In a recent story about the U.S. National Security Agency’s controversial Internet surveillance operations, the New York Times reported that “the agency has circumvented or cracked much of the encryption, or digital scrambling, that guards global commerce and banking systems.”
The bolding is mine, because if in fact the agency did crack the encryption schemes used for bank transactions (the Times is somewhat unclear on that point), then in doing so it may have solved a math problem that has long puzzled cryptographers and number theorists alike.
To help prevent breaches, mobile devices should be encrypted even if storage of sensitive information on them is prohibited, says security expert Melodi Mosley Gates.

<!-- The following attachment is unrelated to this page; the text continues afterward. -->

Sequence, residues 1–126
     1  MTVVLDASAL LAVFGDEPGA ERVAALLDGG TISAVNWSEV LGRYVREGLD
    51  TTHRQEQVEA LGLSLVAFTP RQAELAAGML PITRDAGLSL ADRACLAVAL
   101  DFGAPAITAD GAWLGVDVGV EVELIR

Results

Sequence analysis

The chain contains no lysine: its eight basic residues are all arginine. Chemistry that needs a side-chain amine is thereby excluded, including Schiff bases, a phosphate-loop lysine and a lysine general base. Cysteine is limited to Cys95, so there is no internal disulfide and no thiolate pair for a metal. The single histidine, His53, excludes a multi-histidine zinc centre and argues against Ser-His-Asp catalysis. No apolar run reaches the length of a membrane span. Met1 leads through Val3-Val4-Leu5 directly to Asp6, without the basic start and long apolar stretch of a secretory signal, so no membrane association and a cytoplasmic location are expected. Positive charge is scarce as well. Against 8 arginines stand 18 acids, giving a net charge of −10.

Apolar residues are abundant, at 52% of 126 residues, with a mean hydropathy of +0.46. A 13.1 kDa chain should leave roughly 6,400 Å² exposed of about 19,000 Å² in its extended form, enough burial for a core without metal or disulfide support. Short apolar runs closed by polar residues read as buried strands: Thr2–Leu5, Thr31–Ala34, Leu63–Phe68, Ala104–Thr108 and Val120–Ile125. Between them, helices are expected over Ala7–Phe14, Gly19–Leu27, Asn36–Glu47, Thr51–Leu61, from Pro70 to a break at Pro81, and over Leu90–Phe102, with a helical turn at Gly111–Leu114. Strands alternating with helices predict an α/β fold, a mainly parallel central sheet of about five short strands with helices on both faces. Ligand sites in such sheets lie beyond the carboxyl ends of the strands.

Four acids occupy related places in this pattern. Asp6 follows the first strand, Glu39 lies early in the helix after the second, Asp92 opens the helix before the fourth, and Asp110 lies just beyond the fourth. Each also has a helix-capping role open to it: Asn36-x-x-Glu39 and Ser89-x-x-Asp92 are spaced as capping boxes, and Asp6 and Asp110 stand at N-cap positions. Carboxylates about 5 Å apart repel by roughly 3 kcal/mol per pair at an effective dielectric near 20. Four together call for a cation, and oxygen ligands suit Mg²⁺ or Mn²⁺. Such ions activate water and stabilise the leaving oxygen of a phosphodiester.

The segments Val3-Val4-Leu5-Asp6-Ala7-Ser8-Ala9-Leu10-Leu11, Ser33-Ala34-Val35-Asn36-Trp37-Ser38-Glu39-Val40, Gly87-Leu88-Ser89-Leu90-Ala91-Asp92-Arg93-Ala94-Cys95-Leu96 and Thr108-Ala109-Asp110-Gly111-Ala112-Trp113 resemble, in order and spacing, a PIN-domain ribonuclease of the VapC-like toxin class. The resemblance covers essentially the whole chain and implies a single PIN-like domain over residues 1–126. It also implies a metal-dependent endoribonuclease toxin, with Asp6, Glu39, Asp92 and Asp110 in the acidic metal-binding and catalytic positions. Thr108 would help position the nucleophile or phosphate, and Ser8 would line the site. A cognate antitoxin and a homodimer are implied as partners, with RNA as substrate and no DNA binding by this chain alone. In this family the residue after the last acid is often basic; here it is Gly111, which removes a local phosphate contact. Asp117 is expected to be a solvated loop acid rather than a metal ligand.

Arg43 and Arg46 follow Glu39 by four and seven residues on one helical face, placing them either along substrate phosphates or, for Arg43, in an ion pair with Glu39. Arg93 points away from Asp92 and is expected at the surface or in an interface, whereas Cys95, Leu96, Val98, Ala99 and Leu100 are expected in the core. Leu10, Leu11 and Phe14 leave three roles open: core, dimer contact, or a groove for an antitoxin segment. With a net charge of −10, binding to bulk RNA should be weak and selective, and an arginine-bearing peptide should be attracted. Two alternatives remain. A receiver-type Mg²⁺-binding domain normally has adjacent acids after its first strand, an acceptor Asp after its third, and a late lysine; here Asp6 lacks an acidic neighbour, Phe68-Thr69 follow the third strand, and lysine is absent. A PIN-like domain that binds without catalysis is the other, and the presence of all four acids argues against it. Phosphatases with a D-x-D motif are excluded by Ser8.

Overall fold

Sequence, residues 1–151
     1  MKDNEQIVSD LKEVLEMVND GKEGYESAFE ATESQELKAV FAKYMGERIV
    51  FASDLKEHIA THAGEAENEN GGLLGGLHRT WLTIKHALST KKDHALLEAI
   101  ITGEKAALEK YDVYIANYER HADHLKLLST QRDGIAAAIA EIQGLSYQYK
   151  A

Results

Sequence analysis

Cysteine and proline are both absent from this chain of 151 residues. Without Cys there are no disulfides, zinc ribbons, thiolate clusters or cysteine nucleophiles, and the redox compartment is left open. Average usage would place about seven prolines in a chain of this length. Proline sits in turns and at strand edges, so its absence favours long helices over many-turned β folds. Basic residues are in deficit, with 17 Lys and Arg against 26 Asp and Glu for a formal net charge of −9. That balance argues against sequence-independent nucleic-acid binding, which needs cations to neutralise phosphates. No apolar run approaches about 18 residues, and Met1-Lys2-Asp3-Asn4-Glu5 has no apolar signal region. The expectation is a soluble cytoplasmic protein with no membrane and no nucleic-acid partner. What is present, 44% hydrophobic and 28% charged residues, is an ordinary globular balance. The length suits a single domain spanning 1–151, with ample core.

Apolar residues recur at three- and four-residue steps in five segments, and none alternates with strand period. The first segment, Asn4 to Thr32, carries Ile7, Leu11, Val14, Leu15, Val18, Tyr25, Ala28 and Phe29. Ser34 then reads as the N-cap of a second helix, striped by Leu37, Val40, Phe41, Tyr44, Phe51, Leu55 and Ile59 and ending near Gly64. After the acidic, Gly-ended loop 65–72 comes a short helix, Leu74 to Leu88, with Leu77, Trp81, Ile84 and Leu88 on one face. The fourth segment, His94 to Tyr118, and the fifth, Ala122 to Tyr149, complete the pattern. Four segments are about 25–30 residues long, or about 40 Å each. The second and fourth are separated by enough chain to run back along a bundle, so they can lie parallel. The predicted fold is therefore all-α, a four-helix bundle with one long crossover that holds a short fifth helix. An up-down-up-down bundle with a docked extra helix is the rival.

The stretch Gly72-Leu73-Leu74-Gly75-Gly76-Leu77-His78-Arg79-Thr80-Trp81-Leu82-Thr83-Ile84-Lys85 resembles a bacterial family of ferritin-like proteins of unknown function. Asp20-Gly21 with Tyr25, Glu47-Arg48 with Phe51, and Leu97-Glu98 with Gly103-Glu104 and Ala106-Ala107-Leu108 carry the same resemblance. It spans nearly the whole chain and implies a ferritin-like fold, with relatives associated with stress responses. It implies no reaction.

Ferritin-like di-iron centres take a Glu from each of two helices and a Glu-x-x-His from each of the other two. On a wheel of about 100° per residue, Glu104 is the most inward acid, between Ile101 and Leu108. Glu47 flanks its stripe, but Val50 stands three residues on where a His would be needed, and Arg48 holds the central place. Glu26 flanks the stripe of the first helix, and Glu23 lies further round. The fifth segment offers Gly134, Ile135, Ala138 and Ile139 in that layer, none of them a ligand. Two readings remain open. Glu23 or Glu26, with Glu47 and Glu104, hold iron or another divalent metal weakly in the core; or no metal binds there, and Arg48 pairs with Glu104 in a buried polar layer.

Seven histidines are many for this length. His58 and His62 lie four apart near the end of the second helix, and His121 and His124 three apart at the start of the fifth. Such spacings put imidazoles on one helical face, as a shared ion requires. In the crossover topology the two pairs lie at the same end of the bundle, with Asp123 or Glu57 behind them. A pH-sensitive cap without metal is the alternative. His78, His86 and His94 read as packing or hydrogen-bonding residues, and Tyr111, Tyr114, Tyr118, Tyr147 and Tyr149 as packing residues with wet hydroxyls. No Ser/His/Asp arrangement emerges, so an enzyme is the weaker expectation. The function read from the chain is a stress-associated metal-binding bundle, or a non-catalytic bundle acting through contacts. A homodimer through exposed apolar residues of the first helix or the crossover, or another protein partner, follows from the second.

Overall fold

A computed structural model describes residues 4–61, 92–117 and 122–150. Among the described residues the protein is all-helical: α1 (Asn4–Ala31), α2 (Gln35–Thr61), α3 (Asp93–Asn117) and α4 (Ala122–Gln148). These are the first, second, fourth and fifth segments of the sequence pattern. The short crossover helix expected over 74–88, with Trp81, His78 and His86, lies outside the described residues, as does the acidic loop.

Even with the best of intentions, and the most technically enforced policy, a ban for putting sensitive information on mobile devices is probably not going to be 100 percent effective,
That's because all mobile devices enable users to enter data and to receive e-mails that may, in some cases, contain sensitive information.
The Internet Protocol, version 6 (IPv6) was designed to alleviate the address space
limitations of IPv4 and provide additional security and routing capabilities. The protocol
itself, however, can be misused to deliver malware in a way that eludes detection by
firewalls or intrusion detection systems (IDS) not configured to recognize IPv6 traffic.
This problem can be amplified in cases where malware is used to reconfigure vulnerable hosts to allow IPv6 traffic.
Conditions and Technology